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Old 16-03-2016, 13:26   #1
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Decisions, Decisions.

So I have had my wood masts down now for two months. I have them down to bare wood and ready for repairs and re-coating. I just can't decide on the material to finish them with.

I started a thread a little while back inquiring about Awlwood and got some good advice on that and using the Awlbrite system. Although there is not much out there on the net, an inquiry to Awlgrip assured me that Awlwood is the better system over Awlbrite. Since my inquiry was between two of their products (Awlwood and Awlgrip paint) I will give that recommendation some weight. I inquired about getting 8 years or more out of which ever finish I chose. This is the quote from the Awlgrip rep.:

"Awlwood has been performing as well if not better than some other two part urethane products. 8 years is a lot to ask out of a wood coating. With care and maintenance and a proper maintenance coat schedule, you can extend the life of the coating."

"The Awlwood chemistry came out of New Zealand where they were getting 5 years plus of service before maintenance coats were needed. Awlwood is fairly new to the North American market. It has been on the market now for 3 years and in environments such as Florida, it has held up terrifically for those 3 years."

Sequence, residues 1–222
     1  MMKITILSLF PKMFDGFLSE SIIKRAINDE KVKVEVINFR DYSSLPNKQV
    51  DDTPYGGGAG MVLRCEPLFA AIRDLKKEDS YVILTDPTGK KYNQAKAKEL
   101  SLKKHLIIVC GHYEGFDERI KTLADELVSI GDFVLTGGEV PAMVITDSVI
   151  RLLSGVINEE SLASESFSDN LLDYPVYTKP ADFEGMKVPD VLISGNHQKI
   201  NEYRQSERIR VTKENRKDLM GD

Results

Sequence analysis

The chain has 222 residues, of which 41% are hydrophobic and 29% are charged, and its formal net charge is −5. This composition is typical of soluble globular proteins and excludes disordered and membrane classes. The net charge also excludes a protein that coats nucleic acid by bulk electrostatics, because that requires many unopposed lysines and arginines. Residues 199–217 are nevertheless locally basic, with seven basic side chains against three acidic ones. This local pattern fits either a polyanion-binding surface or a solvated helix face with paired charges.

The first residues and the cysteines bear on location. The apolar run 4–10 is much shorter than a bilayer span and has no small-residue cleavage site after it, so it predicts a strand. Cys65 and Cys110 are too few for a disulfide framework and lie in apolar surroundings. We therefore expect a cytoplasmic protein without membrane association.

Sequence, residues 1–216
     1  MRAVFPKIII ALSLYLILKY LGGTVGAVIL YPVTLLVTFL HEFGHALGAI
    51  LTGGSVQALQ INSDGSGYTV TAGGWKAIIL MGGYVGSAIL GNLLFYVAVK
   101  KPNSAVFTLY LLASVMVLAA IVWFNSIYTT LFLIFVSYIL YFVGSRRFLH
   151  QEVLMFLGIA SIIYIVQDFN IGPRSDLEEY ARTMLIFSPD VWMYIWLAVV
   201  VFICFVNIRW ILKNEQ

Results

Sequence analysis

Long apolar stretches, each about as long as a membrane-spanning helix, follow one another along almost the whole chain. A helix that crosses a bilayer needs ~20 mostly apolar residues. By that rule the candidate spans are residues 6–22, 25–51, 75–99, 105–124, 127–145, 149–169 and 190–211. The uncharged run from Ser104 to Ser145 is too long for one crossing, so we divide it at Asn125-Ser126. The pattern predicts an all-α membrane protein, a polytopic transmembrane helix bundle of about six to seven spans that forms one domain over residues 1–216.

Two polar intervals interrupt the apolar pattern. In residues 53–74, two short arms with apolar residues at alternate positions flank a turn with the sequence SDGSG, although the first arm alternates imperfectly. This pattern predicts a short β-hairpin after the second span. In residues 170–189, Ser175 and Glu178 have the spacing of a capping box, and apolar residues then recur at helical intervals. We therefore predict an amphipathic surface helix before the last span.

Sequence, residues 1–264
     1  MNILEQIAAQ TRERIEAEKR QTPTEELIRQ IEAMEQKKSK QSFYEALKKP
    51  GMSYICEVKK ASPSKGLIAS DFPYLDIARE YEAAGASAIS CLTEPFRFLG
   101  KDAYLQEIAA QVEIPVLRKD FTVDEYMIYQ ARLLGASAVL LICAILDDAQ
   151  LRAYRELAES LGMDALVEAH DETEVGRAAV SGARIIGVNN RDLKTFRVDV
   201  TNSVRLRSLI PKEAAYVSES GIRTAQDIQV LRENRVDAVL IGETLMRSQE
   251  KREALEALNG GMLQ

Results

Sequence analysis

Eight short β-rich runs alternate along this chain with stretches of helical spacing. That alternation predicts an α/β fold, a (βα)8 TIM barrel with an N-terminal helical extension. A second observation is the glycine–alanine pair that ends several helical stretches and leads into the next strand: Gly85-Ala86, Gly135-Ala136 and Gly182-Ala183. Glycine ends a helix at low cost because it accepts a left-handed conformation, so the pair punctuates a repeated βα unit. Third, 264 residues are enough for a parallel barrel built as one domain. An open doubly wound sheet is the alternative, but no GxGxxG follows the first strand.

The perceived advantage of using a clear coating is that I will be able to see rot starting before it becomes a problem. How real is this advantage?

I found rot on the inside of my severely neglected mizzen mast but only after probing into some cracks . I assume that if the cracks were not allowed to develop, and water get inside, that this would not have happened. I don't think I would have been able to see this rot from the outside even if they were clear coated.

If all fittings are bedded correctly and the finish, be it paint or some type of clear coating, is maintained without a way for water to enter, is this kind of rot really and issue?

I have let the teak rails and trim go gray. If I were to go clear on the spars I would need to do the same on the rest of the wood to make it look uniform adding considerable time to the maintenance of the boat.

Awlcraft 2000 paint:
I have seen hulls painted with Awlcraft 2000 buffed out nicely after 18 years. So is the wood substrate the difference in why that the paint doesn't last as long?
Have any of you got 8 years or more out of a paint job on wood masts?
Have any of you with clear coated wood masts caught some rot early on and thought, Wow, really glad I had clear coat to see this.

If whatever I put on has to be re-coated after 5 years I might as well go with a clear coating but only if the issue of seeing rot early one is a real advantage. If it is not, I will lean toward painting. I just can't help thinking that paint will last longer.